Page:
Zexi Li receives city award but will not return with criticism of ‘Freedom Convoy’ response

The publicity of a multimillion-dollar class action lawsuit against protesters with the so-called Freedom Convoy, which helped secure an injunction to silence their relentless fuss, has received an award from the city.

In remarks to reporters after accepting the bourgeois honor on Wednesday, Zexi Li said the award, which comes with laughter and handshakes, will not absolve her criticism of Ottawa’s response to the week-long crisis.

Ottawa Mayor Jim Watson and Somerset ward Coun. Catherine McKenney presented Li the mayor’s city builder award on Wednesday during a city council meeting.

The civic honor recognizes a person or group who show an “extraordinary commitment” to making Ottawa a better place – from inspiring charitable work to uniquely friendly acts.

Zexi Li receives the city’s award for his efforts to restore calm during convoy protests

Ottawa resident Zexi Li, who helped secure an injunction against Freedom Convoy protesters, received the mayor’s city builder award in recognition of her efforts to help downtown residents affected by the occupation. 1:11

‘An incredibly difficult month’

Li, 21, was honored for acting as chief prosecutor in attorney Paul Champs’ now $ 306 million class action lawsuit along with other residents, businesses and employees whose lives and livelihoods were affected by the occupation.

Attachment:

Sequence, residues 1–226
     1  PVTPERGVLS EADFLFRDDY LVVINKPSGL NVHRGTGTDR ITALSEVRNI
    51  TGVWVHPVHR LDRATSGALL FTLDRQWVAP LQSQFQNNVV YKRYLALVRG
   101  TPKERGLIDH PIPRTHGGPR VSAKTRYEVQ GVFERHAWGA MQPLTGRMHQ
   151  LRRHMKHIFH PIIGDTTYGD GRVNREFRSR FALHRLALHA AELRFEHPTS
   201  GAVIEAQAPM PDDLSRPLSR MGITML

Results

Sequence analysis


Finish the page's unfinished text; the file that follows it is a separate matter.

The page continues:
Truck drivers rolled into downtown Ottawa around Parliament Hill on January 29 and occupied the area illegally for weeks until police from across the country finally cleared the streets in a massive operation that began on February 17 and lasted several days.

“It was an incredibly difficult February for Ottawa as a whole, whether you were a resident who was directly affected or whether you were someone who was responsible for dealing with all this mess,” Li told the council in a short speech. moments after Watson handed her the award.

“But in the end, we were able to get through this terrible situation, and even though there are laggards here and there who continue their relentless harassment, I think Ottawa as a city will move forward and come out stronger in all. this.”

Li will hold the Mayor’s City Builder Award at City Hall on Wednesday. (Giacomo Panico / CBC)

‘Uhm, ahs and apologies’

When he spoke to reporters after receiving the award, Li’s remarks were more pointed.

She said she was personally “consistently disappointed” with the city’s passivity and “um, ahs and apologies, really, for why they did nothing.”

“I am a private citizen with the perspective of a private citizen, and I do not necessarily understand or recognize all the intricacies of the policies at stake here,” she admitted. “But in the end, politicians are meant to serve society and help us, and when that was not done, it speaks louder than any justification ever could.”

Li also acknowledged becoming part of the “political puzzle, political game” by accepting the award, but that she “does not necessarily hide any of my thoughts.”

“I would love to be proven wrong, because I, like many other people, would love to have more trust in our institutions, but that trust is sadly absolutely broken. And regardless of smiles and congratulations … the reality of the situation still exists below, ” she said.

The self-proclaimed “introvert” also did not rule out even going into politics one day, saying “it’s a door I’ve opened, but I do not necessarily know if I want to step through it.”

Leave a Comment